The Report is Audubon's printed quarterly publication for members. Below you'll find Report issues ready to download, as well as featured, individual stories published digitally to our blog.
The Audubon Report
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Volume 53, No. 2
In this Issue:
The Fight to Protect our Forests by Todd McLeish
Woodlands in a World Impacted by Climate Change by Audubon Senior Director of Policy Meg Kerr
Who Lives in that Hole? Audubon Kids Page (PDF Download)
Let's Go Birding | Head to the Woods in Warmer Weather by Laura Carberry
Grow Wild! Editorial by Audubon Senior Director of Policy Meg Kerr
& so much more!
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Volume 53, No. 1
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Volume 52, No. 4
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Featured Audubon Report Stories
Here you can read our featured Report stories and editorials.
The Audubon Society of Rhode Island has been instrumental in protecting these species through direct action as well as by saving habitat that supports them. In honor of Endangered Species Day (May 19, 2023), learn more about this landmark piece of legislation!
From the start, the decline in the bird population (revealed from multiple international studies) was a given. From there, the Audubon initiative was launched as a fact-finding mission, to go in and find out more about how the Audubon Society of Rhode Island could help species in decline.
At wildlife refuges across Rhode Island, Audubon manages hundreds of acres of open fields for birds and wildlife. Without proper management, most of these breaks in the forested landscape would revert to shrub thickets and eventually forest in the process of field succession.
Restoration and community engagement are key for climate resiliency. Thanks to Restore America’s Estuaries Southern New England Program Watershed Implementation Grant, retrofits on existing green infrastructure in Roger Williams Park as well as community training sessions and other engagement opportunities are coming to the Stormwater Innovation Center in 2023.
With intentional investments and incentives to level the costs of building solar on previously disturbed land or “preferred sites”—such as gravel pits, landfills, commercially zoned properties, rooftops, and parking lots—forests can be protected and coexist with renewable energy and clean energy jobs.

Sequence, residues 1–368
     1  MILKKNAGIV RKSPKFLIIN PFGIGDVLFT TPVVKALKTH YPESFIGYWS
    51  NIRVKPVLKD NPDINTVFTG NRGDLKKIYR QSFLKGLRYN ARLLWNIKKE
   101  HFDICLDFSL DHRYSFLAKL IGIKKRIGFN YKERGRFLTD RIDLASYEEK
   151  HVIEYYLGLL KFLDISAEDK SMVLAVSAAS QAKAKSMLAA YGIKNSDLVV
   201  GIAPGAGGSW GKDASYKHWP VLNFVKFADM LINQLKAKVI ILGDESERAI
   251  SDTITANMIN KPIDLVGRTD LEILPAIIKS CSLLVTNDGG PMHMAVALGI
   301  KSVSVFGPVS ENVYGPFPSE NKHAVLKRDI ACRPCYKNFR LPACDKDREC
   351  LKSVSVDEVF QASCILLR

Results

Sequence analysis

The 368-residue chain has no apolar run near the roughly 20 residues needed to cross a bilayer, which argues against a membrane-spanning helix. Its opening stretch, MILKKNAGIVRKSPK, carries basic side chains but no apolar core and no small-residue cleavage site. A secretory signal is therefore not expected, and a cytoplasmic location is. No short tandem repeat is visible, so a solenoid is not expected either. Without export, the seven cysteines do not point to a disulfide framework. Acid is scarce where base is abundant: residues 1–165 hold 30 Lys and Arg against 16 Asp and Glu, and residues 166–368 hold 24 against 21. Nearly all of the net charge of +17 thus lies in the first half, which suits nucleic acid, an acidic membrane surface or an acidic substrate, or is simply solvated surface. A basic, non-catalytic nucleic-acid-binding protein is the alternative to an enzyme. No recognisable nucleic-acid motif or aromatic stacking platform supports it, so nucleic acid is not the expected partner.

Alfred Hawkes helped Audubon turn the lens from individual birds and species to the habitat they lived in and habitat protection. Today, Audubon continues With the growing climate crisis upon us, Audubon’s most critical fight to protect the environment, wildlife and people of Rhode Island, may have just begun.
A little over a year ago, Audubon created our Avian Research Initiative. Data collection is nearly complete and the late fall and winter will be spent analyzing and writing, with the goal of releasing the first “State of Our Birds” report at the beginning of 2023.
As fall turns to winter, most Warblers have left Rhode Island for warmer climates. But there is one that returns to our state in large numbers this time of year due to their unique ability to switch their diets with the seasons.
To support the acquisition of vital natural habitat in Rhode Island, Barbara Walsh and Earl Simson have generously donated $111,000 to Audubon, allowing the organization to strategically expand already protected areas and acquire other tracts of land for conservation.
Reflecting on a career spanning from 1999-2022. Thank you for your leadership, Larry!
Audubon Nature Center and Aquarium
Visit Rhode Island's largest nature center and aquarium. Walk the trails through meadows and marshes to Narragansett Bay. Say hello to Zach, our Common Raven.
Birding in Rhode Island
Stay involved with Audubon's birding programs and resources:
Audubon Avian Research Initiative →
Recent Bird Sightings (eBird) →
Red-bellied Woodpecker by Jason Major
Stormwater Innovation Center
Roger Williams Park is home to the Stormwater Innovation Center. The Center has been developed by the Audubon Society of Rhode Island and its partners! Learn more about the nature-based solutions we are using to learn about and protect urban water quality.